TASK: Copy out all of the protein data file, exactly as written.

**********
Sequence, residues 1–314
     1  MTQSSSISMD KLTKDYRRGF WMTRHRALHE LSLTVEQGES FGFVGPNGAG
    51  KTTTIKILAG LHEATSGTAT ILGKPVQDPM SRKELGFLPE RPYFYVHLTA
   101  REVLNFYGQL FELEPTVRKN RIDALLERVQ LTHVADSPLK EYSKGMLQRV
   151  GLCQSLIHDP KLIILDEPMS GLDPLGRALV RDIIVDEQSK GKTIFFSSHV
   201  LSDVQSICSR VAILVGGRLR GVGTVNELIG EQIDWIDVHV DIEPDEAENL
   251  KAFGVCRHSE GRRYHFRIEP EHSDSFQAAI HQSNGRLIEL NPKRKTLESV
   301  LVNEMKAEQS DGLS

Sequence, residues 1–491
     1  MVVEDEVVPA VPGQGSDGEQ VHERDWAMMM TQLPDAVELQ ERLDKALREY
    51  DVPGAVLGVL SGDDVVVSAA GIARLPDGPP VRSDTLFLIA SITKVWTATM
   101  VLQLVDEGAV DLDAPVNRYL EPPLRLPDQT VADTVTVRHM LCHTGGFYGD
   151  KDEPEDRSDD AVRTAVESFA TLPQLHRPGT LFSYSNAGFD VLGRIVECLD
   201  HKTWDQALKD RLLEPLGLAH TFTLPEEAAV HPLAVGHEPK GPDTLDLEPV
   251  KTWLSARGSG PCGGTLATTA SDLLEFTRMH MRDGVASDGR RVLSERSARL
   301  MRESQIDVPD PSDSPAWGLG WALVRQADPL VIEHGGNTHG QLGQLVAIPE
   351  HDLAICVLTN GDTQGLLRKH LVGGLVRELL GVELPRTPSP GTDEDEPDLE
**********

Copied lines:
Sequence, residues 1–314
     1  MTQSSSISMD KLTKDYRRGF WMTRHRALHE LSLTVEQGES FGFVGPNGAG
    51  KTTTIKILAG LHEATSGTAT ILGKPVQDPM SRKELGFLPE RPYFYVHLTA
   101  REVLNFYGQL FELEPTVRKN RIDALLERVQ LTHVADSPLK EYSKGMLQRV
   151  GLCQSLIHDP KLIILDEPMS GLDPLGRALV RDIIVDEQSK GKTIFFSSHV
   201  LSDVQSICSR VAILVGGRLR GVGTVNELIG EQIDWIDVHV DIEPDEAENL
   251  KAFGVCRHSE GRRYHFRIEP EHSDSFQAAI HQSNGRLIEL NPKRKTLESV
   301  LVNEMKAEQS DGLS

Sequence, residues 1–491
     1  MVVEDEVVPA VPGQGSDGEQ VHERDWAMMM TQLPDAVELQ ERLDKALREY
    51  DVPGAVLGVL SGDDVVVSAA GIARLPDGPP VRSDTLFLIA SITKVWTATM
   101  VLQLVDEGAV DLDAPVNRYL EPPLRLPDQT VADTVTVRHM LCHTGGFYGD
   151  KDEPEDRSDD AVRTAVESFA TLPQLHRPGT LFSYSNAGFD VLGRIVECLD
   201  HKTWDQALKD RLLEPLGLAH TFTLPEEAAV HPLAVGHEPK GPDTLDLEPV
   251  KTWLSARGSG PCGGTLATTA SDLLEFTRMH MRDGVASDGR RVLSERSARL
   301  MRESQIDVPD PSDSPAWGLG WALVRQADPL VIEHGGNTHG QLGQLVAIPE
   351  HDLAICVLTN GDTQGLLRKH LVGGLVRELL GVELPRTPSP GTDEDEPDLE